We also adjusted the intra-year phasing of hedges to better reflect the delivery profile with rollovers from Q2 and Q3 to Q4. You see that in the appendix on chart 18. So the hedge rates for the last quarter have changed slightly with some slightly positive impact on the full year rate. The portfolio of the hedge book is now at 84 billion at an average of $1.23.
Looking on the cash evolution on the page 9. The gross cash from operations of 2.5 billion overall reflects the EBIT adjusted. While on the working capital, you see hefty charge, which is linked to the back-loading of the delivery profile, the ramp-up and the delivery phasing caused by the engine deliveries, [indiscernible] 330neos but also on 330neos; and on the other side, the PDP inflow overall remains very healthy.
I said already before, the A400M also weighed heavily on that cash flow of minus 4.2 billion already in the 9 months. CapEx is at 1.4, i.e., 0.3 billion lower than a year ago. The A220 is included into this 9 months number. The Q3 slides, however, is not material.
On the Customer Financing, I mentioned it in the opening, the effort was very limited, thanks to a strong appetite for financing of commercial aircraft. The free cash flow reported was at minus 4 billion. All in all, we have about 400 million from M&A activities from the sale of the Defence and Space Communications Inc. business in the US. You know we completed that in the first quarter. And in the second quarter, we got the final payment from the divestment of Defence Electronics.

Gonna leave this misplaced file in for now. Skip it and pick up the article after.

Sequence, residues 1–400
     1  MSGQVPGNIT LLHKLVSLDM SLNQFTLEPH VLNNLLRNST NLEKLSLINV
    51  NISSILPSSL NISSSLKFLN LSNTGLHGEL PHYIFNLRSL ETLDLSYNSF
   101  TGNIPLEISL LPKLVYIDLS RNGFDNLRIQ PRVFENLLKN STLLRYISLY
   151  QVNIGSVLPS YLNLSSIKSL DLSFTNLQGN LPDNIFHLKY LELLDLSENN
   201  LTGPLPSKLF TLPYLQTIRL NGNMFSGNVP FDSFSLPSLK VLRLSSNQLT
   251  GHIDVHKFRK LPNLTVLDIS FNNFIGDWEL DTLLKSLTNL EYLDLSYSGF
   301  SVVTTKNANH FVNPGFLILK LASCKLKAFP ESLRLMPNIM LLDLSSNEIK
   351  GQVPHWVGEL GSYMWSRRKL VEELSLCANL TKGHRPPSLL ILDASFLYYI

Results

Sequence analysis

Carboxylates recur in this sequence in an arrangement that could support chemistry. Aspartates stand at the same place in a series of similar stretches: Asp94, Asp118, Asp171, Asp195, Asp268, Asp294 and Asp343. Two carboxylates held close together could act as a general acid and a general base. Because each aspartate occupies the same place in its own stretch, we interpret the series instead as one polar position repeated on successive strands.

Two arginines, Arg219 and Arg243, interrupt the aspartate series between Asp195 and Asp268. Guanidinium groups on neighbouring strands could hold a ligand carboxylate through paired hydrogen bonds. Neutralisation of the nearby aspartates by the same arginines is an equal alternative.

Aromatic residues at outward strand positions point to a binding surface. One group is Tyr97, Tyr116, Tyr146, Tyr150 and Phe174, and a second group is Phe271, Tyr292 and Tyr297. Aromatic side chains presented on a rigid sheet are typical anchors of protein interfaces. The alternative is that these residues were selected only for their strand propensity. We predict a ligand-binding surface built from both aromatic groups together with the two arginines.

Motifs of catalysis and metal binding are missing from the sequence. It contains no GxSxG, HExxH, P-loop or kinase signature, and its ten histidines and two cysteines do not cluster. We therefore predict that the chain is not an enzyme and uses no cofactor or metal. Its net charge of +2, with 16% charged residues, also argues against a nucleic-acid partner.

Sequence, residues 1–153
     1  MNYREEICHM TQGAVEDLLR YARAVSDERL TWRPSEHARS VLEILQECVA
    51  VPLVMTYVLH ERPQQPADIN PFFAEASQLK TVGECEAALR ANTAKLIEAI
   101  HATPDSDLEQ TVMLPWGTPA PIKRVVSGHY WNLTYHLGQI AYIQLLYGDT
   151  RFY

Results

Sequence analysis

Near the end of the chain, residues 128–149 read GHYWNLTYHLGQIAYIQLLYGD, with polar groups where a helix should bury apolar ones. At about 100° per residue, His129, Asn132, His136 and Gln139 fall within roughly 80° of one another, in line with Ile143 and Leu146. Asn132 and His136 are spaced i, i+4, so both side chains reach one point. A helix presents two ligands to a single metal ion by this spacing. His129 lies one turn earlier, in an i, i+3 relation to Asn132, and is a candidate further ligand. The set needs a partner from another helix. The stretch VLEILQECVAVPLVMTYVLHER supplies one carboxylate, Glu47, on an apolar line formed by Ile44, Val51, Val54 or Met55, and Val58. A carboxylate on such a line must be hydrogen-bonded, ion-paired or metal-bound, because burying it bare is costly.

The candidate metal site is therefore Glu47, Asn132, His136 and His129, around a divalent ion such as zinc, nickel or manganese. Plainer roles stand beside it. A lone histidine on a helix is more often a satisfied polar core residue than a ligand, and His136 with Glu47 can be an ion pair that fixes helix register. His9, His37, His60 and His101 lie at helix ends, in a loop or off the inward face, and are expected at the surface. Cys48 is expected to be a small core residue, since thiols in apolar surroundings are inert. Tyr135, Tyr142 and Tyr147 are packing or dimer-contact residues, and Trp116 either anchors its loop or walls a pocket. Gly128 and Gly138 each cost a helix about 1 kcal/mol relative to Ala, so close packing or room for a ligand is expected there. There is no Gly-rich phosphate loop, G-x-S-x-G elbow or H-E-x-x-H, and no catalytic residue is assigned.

Just as a reminder, I mean, on the free cash flow and the A220, the total cash outflow from the joint venture is largely covered by the funding arrangements as per the JV agreement with Bombardier and, therefore, is net cash neutral.